19 October 2010

Question on the Hermit Intercessors of the Lamb and Trivialization of the Habit

[[Dear Sister Laurel, I don't usually read your blog. I read it because of the post on the Hermit Intercessors of the Lamb. I am pleased you admitted you did not have an opinion on the suppression. I wonder though why you were critical of the fact that children were wearing the habit of the community. They are part of the community after all. I thought the picture was kind of cute and pointed to the fact that the IOTL was fostering vocations among the very young. Why would you call this practice "trivialization" of the habit? Seems a bit harsh to me. Also, why would this picture raise questions about the IOTL's membership in the Congregation of Major Superiors of Women Religious (CMSWR) or the organization itself?]]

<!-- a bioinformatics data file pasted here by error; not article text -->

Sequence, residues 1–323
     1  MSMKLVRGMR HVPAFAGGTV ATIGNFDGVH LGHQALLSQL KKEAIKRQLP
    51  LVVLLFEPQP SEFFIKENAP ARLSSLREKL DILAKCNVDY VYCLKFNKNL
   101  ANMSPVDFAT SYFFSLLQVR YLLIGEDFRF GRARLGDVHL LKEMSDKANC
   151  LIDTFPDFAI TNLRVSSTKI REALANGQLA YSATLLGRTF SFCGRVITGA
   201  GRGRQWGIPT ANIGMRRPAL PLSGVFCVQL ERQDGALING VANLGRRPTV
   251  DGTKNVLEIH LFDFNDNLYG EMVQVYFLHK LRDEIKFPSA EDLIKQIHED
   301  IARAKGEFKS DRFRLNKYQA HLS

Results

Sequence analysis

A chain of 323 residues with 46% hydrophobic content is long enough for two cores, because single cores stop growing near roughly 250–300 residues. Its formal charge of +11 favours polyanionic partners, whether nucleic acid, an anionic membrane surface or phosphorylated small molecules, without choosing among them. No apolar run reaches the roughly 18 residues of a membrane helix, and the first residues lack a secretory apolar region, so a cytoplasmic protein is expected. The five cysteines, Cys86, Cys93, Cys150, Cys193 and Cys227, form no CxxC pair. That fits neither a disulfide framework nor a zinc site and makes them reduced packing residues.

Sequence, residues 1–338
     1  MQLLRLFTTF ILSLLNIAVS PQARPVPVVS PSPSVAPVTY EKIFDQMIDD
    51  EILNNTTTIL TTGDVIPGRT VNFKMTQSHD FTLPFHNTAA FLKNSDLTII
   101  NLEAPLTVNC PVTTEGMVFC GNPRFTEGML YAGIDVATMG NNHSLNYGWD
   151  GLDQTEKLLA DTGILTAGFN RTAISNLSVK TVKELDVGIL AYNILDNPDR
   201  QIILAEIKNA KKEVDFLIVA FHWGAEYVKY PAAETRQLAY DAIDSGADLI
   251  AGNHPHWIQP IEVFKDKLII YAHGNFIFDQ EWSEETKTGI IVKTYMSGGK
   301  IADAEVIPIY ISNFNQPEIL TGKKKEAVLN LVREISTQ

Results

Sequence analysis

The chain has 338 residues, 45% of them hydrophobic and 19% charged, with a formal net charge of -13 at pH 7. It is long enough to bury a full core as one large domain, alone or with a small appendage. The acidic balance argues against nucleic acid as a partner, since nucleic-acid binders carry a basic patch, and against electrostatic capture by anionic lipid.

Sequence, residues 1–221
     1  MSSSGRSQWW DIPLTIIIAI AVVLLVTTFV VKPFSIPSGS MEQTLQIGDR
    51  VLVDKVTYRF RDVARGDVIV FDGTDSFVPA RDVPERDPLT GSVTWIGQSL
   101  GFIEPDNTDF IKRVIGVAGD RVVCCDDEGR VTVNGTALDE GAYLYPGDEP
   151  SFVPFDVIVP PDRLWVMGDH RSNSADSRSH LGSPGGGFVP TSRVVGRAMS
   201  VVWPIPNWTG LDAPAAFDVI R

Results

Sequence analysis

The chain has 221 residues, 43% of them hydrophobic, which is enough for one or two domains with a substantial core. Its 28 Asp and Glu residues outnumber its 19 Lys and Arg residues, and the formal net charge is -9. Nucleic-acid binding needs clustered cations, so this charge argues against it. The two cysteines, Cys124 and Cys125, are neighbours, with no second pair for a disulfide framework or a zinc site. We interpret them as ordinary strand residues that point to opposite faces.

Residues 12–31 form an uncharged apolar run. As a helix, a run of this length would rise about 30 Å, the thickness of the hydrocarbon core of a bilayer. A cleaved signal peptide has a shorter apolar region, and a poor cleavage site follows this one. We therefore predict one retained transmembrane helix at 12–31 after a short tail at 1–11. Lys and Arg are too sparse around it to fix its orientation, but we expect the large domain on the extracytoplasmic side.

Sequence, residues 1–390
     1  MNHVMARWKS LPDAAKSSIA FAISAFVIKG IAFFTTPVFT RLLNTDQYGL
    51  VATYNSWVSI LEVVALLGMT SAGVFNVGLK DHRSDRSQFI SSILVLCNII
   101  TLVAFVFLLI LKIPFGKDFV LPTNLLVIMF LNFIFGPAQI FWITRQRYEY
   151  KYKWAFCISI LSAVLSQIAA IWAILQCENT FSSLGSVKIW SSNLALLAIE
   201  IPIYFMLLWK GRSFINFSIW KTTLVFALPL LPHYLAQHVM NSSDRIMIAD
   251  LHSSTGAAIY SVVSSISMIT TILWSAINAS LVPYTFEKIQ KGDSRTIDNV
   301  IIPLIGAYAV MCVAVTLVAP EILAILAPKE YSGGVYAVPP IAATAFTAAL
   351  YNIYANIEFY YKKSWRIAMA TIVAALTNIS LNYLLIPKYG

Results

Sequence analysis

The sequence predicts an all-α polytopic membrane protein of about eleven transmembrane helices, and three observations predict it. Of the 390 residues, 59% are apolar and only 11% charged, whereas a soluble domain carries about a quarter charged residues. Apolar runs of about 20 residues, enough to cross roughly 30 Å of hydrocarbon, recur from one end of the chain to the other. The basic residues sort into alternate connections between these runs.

Welcome to this blog then, and thanks for your questions. I have written in the past about habits having meaning. They are symbolic and ecclesial garb with which the church vests a person because of mutual discernment of a God-given vocation and the assumption of life commitments mediated by the Church. (Sometimes "Church" means congregations and their representatives which are officially recognized, sometimes it means a Bishop (as in the case of diocesan hermits, for instance). The point is the garb has meaning in this context and one needs to be authorized to wear it if they are publicly representing a vocation. A habit represents the achievement of various degrees of discernment and correlative commitment to an ecclesially mediated call. Thus, it is not unusual to see the stages of such commitments mirrored in aspects of the habit (for instance novices may wear a white veil while professed wear some color or a black one), or to see various pieces of clothing given to a person as they move from postulancy to novitiate to temporary profession and then to perpetual profession (for instance the monastic cowl is given at solemn or perpetual profession for monks and some hermits while rings, medals, crosses etc are given at various points as well in many congregations).